Pedro Garcia evil grin screencap, Opening Game, April 7, 1977
The Blue Jays’ inaugural game, the famed snowy day in 1977 against the Chicago White Sox, is up on YouTube. I recently watched the whole thing.
Pedro Garcia was the starting 2B for the Blue Jays this day, batting 7th. In the bottom of the 2nd with the Jays down 4-1, CF Gary Woods singled and stole the first base in Jays history. Pedro Garcia lofted a single to RF to score Woods. Then this picture flashed up on the screen (at 49:31). I love his demonic smile (demonic-ness emphasized because the low resolution made it seem like his eyes were evilly flashing), and the fluorescent lights in the background are a nice touch.
Things I found interesting (the Blue Jays won 9-5):
- the White Sox had 15 hits and left 19 men on base!
- we all know the first pitch (from Bill Singer to Ralph Garr) was a strike. I didn’t realize Garr proceeded to walk, steal 2nd (taking 3rd on an errant throw by Rick Cerone), and score on a sac fly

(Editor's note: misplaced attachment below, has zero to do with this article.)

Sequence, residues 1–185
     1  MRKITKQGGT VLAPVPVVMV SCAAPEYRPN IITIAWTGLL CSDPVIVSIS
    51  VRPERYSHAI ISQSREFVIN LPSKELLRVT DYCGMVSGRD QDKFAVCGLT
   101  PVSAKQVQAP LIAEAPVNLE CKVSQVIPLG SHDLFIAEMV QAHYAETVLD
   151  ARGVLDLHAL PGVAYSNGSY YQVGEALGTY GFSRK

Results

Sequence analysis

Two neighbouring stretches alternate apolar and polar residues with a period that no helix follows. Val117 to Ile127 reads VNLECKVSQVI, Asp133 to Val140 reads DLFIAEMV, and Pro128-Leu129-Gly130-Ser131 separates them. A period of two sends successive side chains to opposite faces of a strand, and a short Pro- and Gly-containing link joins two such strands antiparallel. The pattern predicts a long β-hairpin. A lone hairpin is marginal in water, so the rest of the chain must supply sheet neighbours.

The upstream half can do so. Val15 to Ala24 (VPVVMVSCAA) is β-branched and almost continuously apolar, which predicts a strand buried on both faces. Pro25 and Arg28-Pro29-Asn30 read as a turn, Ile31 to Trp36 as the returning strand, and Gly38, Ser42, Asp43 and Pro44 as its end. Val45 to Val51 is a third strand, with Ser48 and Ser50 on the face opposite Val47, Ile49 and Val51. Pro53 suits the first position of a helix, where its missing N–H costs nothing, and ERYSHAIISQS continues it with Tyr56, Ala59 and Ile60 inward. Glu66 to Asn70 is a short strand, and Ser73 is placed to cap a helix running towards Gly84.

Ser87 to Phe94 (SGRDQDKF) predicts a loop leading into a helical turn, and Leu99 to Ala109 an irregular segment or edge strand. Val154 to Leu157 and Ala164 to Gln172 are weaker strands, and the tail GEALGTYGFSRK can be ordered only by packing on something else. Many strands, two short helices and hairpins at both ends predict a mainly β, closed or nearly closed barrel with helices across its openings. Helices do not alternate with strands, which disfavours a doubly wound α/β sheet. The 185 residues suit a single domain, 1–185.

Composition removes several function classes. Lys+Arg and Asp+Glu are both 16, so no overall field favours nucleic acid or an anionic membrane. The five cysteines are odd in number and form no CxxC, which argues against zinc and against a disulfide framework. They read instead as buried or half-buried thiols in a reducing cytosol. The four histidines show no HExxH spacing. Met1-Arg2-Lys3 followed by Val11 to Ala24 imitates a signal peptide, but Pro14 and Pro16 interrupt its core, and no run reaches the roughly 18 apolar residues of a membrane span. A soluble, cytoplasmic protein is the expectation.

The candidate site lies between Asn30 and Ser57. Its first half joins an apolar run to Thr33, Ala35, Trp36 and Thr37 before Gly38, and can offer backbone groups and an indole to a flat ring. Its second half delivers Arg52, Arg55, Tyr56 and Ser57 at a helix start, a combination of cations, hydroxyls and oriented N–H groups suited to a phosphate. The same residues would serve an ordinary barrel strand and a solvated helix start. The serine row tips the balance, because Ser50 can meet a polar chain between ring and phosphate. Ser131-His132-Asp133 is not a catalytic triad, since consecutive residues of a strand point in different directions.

- HOFer Whitey Ford was Don Chevrier’s colour man as Tony Kubek had other committments
- the camera work and the switching of cameras by the CBC was terrible
- Doug Ault’s second HR was to the opposite field
- DH and cleanup hitter Otto Velez had a stolen base and a bunt base hit!
- manager Roy Hartsfield was mic-ed (live!) when he went to the mound to pull Bill Singer out of the game (1:10:19). Although he didn’t say anything too substantial, I wish they did that now (though I imagine they’d delay it)
- When Alvis Woods hit a pinch hit HR (in his first MLB AB) in the 5th (1:25:46), a group of exuberant fans chased it down in the expanse of turf beyond the RF fence
- there was nothing painted on the tops of the dugouts (pure white)
- a lot of fans left early (granted, it was 0°C at game time, but still - historic game)
Anyway, it’s edited down to 2 hours (actual game time was 3:22), but they captured all the good bits, it’s good the hear Chevy on the mic again, you good feeling for the era, and get to witness an important game in Blue Jays history.